What You Can Do to Prevent Distracted Driving
Have you ever had an important phone call or text message come through while you were behind the wheel? It's a common situation that many drivers face, and it can too easily result in dangerous distracted driving. According to the Centers for Disease Control and Prevention, at least eight people are killed and 1,161 are injured in crashes involving distracted drivers each day.
How can you keep yourself, your passengers and others on the road safe? Stay informed and discourage distractions in the car.
The National Highway Traffic Safety Administration classifies driving distractions in three ways: visual (taking your eyes off the road), manual (taking your hands off the wheel), and cognitive (taking your mind off the act of driving).
This means that any multitasking behind the wheel is considered distracted driving. To stay safe, set some guidelines for yourself and other drivers in your family:
Eat snacks and meals before you start driving. If you must snack, choose quick, convenient foods that aren't messy or complicated to eat.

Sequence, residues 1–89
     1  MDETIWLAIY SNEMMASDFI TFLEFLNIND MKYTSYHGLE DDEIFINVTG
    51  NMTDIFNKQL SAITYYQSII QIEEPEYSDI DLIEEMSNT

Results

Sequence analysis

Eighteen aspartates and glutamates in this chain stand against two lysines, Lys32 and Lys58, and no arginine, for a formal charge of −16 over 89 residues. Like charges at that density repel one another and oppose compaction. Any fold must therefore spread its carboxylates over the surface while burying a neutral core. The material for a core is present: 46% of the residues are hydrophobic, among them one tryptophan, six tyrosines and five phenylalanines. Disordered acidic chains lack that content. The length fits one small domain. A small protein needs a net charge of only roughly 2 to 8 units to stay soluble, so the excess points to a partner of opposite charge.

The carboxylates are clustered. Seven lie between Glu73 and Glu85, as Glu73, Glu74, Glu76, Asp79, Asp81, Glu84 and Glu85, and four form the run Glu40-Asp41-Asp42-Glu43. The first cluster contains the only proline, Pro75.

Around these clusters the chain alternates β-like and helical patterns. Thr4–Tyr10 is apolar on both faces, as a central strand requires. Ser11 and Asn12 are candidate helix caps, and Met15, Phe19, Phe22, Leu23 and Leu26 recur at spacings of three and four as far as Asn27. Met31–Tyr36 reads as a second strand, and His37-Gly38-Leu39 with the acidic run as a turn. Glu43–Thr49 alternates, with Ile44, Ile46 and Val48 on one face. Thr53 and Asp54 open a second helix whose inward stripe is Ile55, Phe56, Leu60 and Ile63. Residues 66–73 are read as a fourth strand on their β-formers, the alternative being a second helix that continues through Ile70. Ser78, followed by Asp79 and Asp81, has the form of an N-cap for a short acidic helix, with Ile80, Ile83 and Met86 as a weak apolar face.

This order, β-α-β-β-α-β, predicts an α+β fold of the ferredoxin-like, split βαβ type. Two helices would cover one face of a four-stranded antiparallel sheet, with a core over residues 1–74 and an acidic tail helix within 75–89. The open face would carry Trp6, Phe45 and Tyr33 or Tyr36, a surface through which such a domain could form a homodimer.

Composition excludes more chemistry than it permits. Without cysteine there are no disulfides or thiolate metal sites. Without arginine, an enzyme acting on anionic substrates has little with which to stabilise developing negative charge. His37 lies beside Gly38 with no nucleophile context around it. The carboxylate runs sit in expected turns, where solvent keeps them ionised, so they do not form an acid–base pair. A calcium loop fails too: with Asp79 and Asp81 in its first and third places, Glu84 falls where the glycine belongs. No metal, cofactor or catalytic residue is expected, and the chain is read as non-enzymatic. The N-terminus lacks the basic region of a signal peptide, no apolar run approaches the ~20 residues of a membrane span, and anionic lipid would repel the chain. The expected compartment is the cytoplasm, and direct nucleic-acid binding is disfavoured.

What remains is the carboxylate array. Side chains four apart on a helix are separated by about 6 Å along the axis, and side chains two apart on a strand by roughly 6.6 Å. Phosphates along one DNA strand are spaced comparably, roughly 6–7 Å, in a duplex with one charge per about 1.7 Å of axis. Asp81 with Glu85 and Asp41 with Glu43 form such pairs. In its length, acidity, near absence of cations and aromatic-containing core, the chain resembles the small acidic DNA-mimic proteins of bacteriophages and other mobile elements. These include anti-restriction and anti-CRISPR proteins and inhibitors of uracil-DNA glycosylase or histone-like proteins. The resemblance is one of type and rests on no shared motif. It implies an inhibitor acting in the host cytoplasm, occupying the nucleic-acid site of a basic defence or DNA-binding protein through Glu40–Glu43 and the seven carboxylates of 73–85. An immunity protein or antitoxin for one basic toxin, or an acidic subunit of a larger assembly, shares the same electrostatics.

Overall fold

Never apply makeup, finish dressing or attempt grooming while driving.
Avoid electronic distractions by mapping routes before you begin driving and disabling text and email push notifications on your phone.
Use Bluetooth or other hands-free devices in an emergency.
If you need to address a distraction, wait until you can pull over to a safe spot.
Distracted Driving Laws
Many states now have laws and regulations surrounding common driving distractions. As of September 2016, 14 states, the District of Columbia and three U.S. territories have banned the use of handheld cellphones by those who are behind the wheel, and 46 states as well as the District of Columbia have outlawed text messaging while driving.